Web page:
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What are the dental health risks of fluoridation?

By Elizabeth O’Connor The Globe and Mail’s Elizabeth Ochs and Mike Farrar, CBC’s Andrew Davies and The Associated Press have all been reporting on a growing movement to reverse the fluoridation of Canadian public dental health.

Now, a new study shows the results are not as rosy as those in the past.

As the country’s water fluoridation program takes off, a growing number of people are questioning whether the government’s decision to inject millions of litres of water into the water supply is being safe.

Dr. Richard Gervais, an associate professor at the University of British Columbia’s School of Public Health and a co-author of the new study, said the research also found a link between the fluoride exposure and some dental health problems.

“I was surprised to find that we see more of the same effects in terms of adverse effects on the dental system than in terms with adverse effects in the general population,” Gervas said.

“The effects are more significant for those who are older and who are more likely to have chronic diseases that are more common in younger people, like diabetes, which is a disease that is particularly associated with dental caries and is associated with reduced tooth enamel and reduced tooth structure.”

He said it’s important to understand that the findings of the study don’t mean that fluoridation has been safe.

It’s important that people continue to be educated about what’s involved in drinking fluoridated water, and how much fluoride they are actually drinking, he said.

The new study was based on data from 1,743 adults in Toronto, Montreal and Vancouver.

The findings were published online by the Canadian Dental Association in the journal The Lancet Oncology on Friday.

The study involved a comparison of fluoride exposure among people in three age groups.

Those who were younger at the start of the program and older at the end of it were found to be more likely than those who were older and older in each age group to experience some dental carious diseases, such as tooth decay and dental carie.

The study also found that older people had higher rates of caries than younger people and people with a family history of dental carness.

In addition, there was a correlation between the level of fluoride in the water and the prevalence of carious disease, including dental carying.

People who drank fluoridated tap water had higher levels of caried tooth enamels, tooth enodermosis and cavities, the study found.

In contrast, people who drank tap water with less fluoride had lower levels of these types of dental health symptoms.

The researchers said the results suggest that the level and types of fluoride that are in tap water are the most important determinant of the prevalence and severity of dental symptoms in people.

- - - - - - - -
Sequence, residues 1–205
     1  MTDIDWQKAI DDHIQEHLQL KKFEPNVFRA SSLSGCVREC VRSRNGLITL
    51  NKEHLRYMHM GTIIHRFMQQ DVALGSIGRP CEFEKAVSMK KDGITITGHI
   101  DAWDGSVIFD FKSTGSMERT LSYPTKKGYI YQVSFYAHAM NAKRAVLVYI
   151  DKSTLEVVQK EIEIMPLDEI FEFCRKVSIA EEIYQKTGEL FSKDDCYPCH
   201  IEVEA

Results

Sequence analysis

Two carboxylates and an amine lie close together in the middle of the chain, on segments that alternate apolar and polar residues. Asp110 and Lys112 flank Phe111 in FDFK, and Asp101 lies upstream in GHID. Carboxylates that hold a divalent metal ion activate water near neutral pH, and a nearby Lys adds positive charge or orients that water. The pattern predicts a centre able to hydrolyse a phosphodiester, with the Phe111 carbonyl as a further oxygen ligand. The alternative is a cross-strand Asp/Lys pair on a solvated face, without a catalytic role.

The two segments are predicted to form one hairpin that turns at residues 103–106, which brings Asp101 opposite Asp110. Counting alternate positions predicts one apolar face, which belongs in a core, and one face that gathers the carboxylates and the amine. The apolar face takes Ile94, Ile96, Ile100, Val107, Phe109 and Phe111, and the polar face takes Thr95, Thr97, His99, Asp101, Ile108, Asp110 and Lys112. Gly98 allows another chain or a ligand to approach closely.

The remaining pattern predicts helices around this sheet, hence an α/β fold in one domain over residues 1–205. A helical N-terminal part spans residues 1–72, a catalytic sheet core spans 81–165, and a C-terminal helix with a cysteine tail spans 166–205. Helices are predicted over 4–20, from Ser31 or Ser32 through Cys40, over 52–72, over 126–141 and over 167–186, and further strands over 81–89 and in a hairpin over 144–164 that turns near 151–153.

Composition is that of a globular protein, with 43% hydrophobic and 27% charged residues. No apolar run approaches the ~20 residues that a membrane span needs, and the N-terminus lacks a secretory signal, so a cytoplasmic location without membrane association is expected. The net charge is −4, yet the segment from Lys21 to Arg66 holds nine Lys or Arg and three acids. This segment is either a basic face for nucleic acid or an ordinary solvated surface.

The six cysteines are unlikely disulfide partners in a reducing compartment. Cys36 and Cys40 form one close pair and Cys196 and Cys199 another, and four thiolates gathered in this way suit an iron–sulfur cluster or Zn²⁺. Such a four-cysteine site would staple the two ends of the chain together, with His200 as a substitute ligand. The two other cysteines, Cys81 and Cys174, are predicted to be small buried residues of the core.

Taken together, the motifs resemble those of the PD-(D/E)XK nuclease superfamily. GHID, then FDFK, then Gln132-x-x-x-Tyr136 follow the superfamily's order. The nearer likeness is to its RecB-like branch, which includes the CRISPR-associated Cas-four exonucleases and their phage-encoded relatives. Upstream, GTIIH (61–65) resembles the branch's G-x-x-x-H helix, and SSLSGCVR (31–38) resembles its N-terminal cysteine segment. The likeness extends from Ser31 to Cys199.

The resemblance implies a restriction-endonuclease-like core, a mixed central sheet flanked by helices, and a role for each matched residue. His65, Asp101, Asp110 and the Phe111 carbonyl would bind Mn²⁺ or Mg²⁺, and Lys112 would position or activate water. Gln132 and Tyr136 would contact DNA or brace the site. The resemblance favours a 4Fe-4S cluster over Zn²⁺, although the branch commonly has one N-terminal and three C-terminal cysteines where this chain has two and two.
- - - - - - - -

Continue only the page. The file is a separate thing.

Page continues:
The level of fluoridated drinking water in the U.S. was about 1.8 parts per billion, compared with the U,S.

Environmental Protection Agency (EPA) recommended level of about 1 part per billion.

The EPA said that’s a safe level of water to drink for most people.

Drinking fluoridated municipal water was found to have the lowest level of dental effects, the researchers found.

A similar study published in The Lancet found a higher risk of cavities and tooth decay in people who had high levels of fluoride.

The results were similar in the Canadian study, with people who were exposed to fluoridated urban tap water having higher levels and higher rates than people who lived in rural water.

In general, there were fewer cases of dental decay among the children in the two studies.

However, the results were not entirely consistent, with more children with lower levels and fewer cases being more likely.

Researchers said the study provides additional data that will help health authorities and health professionals to make informed decisions about whether to continue to fluoridate municipal water, as the government plans to do this year.

Dr Gervases co-authors on the study were Dr. James Sperling of McMaster University, Dr. David Wainwright of the University in Calgary, and Dr. Rolf Munk of the Institute of Public Affairs at Queen’s University in Kingston, Ont.

In an interview with CBC News, Sperlings said the data are “very preliminary.”

“This is a very early, preliminary study and we’re trying to learn more,” he said, noting that the researchers were not able to measure fluoride levels directly.

“We’re looking at the exposure, the time and the exposure over time.

So that’s very preliminary and we don’t know if it’s the amount of fluoride, the timing, or the amount that’s the causative factor,” he added.”

It could be something else.

We have to wait for more data.””

It’s a new thing, and there are still a lot of uncertainties, but this is a promising step in understanding how this is occurring.”

The government announced in June it would replace some of the water treatment